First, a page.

People don’t care how much you know until they know how much you care.
- Amish proverb
Loss. It can be tragic. It can be immediate. It can be prolonged. It can be anticipated. It can cause a small twist in life’s road or it can lead to a dramatic redirection. Loss. It is a part of living.
Grandpa Peale wrote, “There is no bright or easy philosophy that will shield a person from the necessity of meeting sorrow’s cold, hard weight at some point in life. So, we must be prepared to meet it when it comes” (from his booklet What to Do When….How to Handle Life’s Difficulties).
As I have mentioned, I work as a clinical social worker in the crisis intervention unit at a hospital. It is essentially an ER for mental health issues. We, as clinicians, also work with patients in the ER, ICU and other areas of the hospital in which people face the ultimate loss, the death of a loved one.
Whether the death comes after an extended illness or a tragic accident, pain, shock, sorrow and emotional confusion are present and will continue to rear their heads as time moves on. We have all experienced loss in one form or another and we have witnessed others experience loss. No path of mourning is the same.
The uniqueness of each of us as individuals makes the process of healing unique too, but what we do know is that similar emotions will be felt. I believe this is what Grandpa meant when he said, “We must be prepared to meet it when [sorrow’s cold, hard weight] comes” to us.
Loss does not always mean death. It can be the loss of a relationship–familial, intimate or friendship. The loss of a job, integrity, status, hope, financial security or mental or physical capability.
Loss is one of the heaviest crosses we must bear in this life and with each loss, we have the opportunity to grow in insight and fortitude in order to face the next one with a stronger foundation.
My fraternal grandfather died when my father was 11 years old. Grandfather Allen served in World War I and developed tuberculosis as a result of exposure to war gases.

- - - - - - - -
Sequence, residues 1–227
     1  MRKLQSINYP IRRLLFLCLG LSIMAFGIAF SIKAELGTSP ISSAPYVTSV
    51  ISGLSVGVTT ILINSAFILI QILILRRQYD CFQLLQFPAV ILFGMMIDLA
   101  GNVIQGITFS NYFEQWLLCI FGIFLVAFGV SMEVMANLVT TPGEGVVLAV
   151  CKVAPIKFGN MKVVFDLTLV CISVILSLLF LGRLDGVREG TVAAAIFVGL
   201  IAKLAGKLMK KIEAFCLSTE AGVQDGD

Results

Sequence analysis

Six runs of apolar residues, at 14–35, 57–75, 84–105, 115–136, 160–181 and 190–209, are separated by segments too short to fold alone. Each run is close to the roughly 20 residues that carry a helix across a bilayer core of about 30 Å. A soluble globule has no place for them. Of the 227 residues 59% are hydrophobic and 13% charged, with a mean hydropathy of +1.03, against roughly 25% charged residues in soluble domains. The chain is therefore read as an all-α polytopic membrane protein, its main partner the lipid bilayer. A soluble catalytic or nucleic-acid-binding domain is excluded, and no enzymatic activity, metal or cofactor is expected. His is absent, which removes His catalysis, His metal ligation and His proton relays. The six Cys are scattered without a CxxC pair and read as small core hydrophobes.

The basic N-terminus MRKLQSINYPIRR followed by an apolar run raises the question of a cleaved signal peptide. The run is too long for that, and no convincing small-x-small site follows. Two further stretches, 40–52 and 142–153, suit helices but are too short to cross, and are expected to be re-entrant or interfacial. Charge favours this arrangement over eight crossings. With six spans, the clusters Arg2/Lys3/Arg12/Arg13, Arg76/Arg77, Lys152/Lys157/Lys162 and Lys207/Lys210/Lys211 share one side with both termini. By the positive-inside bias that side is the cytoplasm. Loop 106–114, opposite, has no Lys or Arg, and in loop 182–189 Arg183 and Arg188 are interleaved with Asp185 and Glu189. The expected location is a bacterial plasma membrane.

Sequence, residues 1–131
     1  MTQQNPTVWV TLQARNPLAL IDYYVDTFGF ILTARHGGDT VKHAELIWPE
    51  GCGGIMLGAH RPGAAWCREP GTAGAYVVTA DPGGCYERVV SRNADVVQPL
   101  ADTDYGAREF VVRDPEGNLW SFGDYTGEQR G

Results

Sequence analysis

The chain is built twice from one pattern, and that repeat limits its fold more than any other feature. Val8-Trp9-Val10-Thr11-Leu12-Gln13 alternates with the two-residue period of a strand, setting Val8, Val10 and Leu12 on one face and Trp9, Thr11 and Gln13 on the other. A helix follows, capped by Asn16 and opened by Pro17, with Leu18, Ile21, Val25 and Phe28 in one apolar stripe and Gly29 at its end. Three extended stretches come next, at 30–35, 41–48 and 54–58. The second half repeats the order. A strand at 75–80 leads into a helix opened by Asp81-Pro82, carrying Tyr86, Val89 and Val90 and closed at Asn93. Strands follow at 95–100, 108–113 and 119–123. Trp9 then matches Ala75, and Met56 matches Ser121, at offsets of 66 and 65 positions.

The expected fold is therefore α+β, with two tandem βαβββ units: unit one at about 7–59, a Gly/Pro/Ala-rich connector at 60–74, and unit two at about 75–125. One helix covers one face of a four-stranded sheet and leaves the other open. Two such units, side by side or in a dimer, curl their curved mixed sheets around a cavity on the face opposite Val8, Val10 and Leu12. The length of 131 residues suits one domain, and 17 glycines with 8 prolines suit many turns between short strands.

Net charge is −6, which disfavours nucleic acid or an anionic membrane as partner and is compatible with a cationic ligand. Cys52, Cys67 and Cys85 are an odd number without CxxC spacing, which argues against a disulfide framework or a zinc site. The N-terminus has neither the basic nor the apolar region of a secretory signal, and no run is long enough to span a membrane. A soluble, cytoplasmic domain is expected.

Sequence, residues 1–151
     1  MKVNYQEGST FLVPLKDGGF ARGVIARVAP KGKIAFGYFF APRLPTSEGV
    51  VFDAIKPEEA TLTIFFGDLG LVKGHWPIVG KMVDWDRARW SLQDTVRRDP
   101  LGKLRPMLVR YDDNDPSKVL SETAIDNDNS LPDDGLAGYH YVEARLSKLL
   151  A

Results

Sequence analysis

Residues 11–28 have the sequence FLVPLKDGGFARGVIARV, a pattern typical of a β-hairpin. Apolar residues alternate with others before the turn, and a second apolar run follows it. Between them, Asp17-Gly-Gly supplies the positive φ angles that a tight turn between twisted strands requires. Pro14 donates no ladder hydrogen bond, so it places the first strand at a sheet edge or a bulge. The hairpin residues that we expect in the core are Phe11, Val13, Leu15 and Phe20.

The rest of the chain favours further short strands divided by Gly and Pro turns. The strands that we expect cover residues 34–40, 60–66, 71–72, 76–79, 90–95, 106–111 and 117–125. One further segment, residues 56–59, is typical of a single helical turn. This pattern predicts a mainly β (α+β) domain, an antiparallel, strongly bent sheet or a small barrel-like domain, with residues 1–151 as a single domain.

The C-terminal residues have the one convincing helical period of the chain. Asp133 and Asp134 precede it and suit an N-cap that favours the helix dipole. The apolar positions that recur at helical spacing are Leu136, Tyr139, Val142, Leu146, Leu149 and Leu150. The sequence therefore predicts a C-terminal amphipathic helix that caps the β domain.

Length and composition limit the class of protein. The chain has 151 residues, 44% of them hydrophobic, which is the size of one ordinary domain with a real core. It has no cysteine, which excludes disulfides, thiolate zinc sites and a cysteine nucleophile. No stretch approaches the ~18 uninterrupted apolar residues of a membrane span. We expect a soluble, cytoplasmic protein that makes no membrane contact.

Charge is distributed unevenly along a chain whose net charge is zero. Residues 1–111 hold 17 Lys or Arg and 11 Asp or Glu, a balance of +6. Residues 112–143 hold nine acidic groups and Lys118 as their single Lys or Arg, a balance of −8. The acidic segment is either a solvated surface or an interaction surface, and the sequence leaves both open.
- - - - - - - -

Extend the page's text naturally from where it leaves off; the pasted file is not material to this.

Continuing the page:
My father spoke of his father as a hero. He told us how Grandfather Allen, despite his respiratory limitations, would play catch with him in their backyard in Scarsdale, New York. Simple, yet deeply meaningful father-son moments that my father carried with him throughout his life.
He lost his father, and a lifetime of memory making and relationship building with him. Painful beyond words, in my opinion. Yet, because of this great loss, my father always understood the preciousness of every day and the joy of being a parent to his six children. This was a gift to each of us Allen children.
Joy from loss? Well, I believe my father took the magnitude of his loss and put it into joyful living. Not easy, but possible.
Loss is a part of the human experience. Some of us are hit more harshly than others, but we all must face, at various points in our lives, the challenge of it.
Grandpa Peale, in his writings, went on to say, “In times of grief and sorrow, remember this: Your agony is not permanent.” God is with us in our grief, and his kindness and sympathy are always ours, he noted. “When you feel utterly crushed by the tragedy and sorrow of life, feel God’s kindly presence renewing you. God is near; be at peace.”
These words are helpful to me. Simple, real, and relevant. I am so grateful to the Guideposts Foundation for providing Grandpa’s writings to millions of people around the world who are facing every kind of loss life has to offer.
Thank you to all who support the distribution of these materials and booklets to every corner of the world. You are caring for people in ways for which my grandparents would be so grateful. Thank you.
Katheryn (Katie) Allen Berlandi is the seventh of Guideposts cofounders Dr. Norman Vincent Peale and Ruth Stafford Peale’s eight grandchildren. She is a clinical social worker with a private practice focusing on children, adolescents and families, and a consultant for Guideposts and the Guideposts Foundation. Katie lives in a small town in Connecticut with her husband, two daughters and son.